How the Obesity Reduction Procedure “Left Gastric Artery Embolization” May Actually Further Reduce Muscle Mass
Further scientific evidence is revealing that certain procedures used to help with obesity may actually be causing more harm than good. Left gastric artery embolization treatment is thought to reduce the effect of an appetite hormone by injecting microscopic beads to block an artery that supplies blood to the stomach. Although to date there has really been no data on what is actually contributing to the weight loss, whether the patients are losing fat, as desired, or muscle mass, or some combination of the two. Because of this uncertainty, the concern of loss of muscle mass from the procedure is very real, as loss of skeletal muscle can not only reduce physical function, but it can also damage metabolism and raise the risk of injury. Learn More
New Study Indicates There May Be At Least a Little Truth to the Idea that More Mass Yields a Longer Life Span. But It Is Important What Kind of Mass It Is and Why Body Type Matters.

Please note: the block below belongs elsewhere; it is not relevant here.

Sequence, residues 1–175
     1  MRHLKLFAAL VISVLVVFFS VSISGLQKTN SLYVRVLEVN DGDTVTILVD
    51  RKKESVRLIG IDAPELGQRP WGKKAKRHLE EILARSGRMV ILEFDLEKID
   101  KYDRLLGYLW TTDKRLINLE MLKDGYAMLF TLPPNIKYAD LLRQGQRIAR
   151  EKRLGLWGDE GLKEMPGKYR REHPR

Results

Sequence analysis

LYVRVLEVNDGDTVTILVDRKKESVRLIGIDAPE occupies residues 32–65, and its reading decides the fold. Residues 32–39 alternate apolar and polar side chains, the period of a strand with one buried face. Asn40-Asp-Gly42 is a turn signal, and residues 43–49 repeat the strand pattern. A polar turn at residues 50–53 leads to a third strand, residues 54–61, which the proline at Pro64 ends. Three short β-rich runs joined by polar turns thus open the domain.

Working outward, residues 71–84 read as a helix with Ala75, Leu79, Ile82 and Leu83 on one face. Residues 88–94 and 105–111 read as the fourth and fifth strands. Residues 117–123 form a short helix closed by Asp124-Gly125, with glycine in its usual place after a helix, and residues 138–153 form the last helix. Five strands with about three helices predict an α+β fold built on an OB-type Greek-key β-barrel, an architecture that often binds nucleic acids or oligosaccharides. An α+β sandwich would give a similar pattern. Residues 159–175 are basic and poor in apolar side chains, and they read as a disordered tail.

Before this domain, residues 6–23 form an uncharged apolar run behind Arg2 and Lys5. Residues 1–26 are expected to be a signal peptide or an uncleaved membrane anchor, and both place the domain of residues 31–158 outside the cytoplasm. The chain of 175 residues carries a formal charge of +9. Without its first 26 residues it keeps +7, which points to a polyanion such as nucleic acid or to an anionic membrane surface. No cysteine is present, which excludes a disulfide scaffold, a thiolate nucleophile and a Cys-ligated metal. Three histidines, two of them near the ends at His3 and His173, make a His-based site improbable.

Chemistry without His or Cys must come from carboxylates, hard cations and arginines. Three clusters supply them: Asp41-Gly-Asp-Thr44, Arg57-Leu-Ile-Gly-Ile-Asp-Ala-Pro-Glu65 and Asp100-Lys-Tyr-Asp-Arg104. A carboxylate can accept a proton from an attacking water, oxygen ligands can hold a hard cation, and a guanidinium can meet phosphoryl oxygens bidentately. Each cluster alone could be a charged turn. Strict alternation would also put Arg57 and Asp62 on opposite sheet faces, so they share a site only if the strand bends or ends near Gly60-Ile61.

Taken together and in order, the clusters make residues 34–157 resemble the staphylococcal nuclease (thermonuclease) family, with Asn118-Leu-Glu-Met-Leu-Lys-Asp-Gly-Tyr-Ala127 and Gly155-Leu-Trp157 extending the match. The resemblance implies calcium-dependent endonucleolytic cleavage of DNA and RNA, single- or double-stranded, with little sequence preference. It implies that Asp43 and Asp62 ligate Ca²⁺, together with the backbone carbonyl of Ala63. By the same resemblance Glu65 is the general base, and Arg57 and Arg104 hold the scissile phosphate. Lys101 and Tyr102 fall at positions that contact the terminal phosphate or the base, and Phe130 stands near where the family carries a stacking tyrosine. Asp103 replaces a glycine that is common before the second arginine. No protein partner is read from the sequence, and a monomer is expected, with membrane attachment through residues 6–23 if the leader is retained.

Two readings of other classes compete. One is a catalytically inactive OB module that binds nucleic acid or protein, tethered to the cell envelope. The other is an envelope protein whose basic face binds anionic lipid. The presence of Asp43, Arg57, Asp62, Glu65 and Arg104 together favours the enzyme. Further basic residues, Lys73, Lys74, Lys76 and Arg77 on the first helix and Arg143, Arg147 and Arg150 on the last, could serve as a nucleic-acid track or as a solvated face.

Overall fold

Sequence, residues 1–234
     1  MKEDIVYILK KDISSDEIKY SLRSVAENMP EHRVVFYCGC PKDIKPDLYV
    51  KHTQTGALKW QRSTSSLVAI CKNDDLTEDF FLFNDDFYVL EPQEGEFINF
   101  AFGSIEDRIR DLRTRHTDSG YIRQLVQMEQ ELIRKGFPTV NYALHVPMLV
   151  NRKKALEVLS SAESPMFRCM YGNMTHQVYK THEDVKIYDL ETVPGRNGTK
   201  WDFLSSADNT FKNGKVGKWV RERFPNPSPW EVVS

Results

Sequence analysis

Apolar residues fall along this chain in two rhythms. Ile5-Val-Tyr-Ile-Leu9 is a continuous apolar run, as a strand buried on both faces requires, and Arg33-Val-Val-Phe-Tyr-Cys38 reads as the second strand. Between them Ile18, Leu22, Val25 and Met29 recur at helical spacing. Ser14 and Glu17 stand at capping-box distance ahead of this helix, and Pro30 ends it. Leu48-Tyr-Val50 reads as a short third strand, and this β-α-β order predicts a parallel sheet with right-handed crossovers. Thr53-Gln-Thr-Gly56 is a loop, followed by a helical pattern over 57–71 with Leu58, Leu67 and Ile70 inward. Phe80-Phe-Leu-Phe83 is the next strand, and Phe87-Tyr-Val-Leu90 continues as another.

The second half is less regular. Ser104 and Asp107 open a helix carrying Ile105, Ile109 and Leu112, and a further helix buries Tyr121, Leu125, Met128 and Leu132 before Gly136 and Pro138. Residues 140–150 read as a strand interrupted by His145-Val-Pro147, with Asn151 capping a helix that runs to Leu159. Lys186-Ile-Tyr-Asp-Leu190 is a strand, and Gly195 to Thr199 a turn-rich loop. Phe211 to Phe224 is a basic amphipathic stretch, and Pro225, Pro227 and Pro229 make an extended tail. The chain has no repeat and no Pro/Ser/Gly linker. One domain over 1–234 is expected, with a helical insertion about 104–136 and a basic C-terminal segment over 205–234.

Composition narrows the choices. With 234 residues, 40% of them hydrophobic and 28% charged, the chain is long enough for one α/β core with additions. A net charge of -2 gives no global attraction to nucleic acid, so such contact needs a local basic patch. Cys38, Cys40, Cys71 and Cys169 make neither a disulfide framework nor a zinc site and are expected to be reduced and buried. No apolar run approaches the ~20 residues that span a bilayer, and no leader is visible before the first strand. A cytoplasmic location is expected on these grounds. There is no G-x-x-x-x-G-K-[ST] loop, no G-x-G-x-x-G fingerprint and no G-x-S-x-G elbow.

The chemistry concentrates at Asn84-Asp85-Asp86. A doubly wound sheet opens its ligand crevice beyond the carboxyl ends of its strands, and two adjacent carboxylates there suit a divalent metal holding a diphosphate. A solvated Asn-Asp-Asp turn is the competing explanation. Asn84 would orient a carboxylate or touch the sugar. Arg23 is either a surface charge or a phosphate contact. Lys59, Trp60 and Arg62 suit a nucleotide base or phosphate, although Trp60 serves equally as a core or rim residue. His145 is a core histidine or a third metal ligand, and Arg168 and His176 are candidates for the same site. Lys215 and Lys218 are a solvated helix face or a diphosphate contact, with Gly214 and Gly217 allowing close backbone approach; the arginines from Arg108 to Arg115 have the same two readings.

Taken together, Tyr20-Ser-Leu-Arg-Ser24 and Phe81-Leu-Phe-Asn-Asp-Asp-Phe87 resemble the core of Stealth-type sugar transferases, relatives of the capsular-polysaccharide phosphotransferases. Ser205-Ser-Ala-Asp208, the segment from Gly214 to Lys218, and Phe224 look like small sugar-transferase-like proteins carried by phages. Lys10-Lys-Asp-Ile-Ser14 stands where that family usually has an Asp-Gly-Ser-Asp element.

The obesity paradox and obesity are more about muscles and muscle mass than weight. The more muscles and muscle mass properly built in balance on the human body, the less fat the body type will have and the easier it will be to maintain human body health and balance in general. The less muscle/muscle mass properly built in balance on the human body the easier it will be to add fat and become obese, which in turn negatively affects human body health and balance in general, reducing lifespan. Learn More
Exploring the Relationship Between Muscle Quality — muscle strength per unit of muscle mass – and Physical Function, which are Influenced by Factors such as Age, Obesity, and Muscle Mass Itself.
The conclusions of the study results show that muscle mass, obesity, and age indeed influence the relationship between muscle quality, body type, and physical function. Higher levels of muscle quality seemed to strongly correlate to higher physical functioning, keeping in mind diet and nutritional intake, exercise routine, and lifestyle overall. Learn More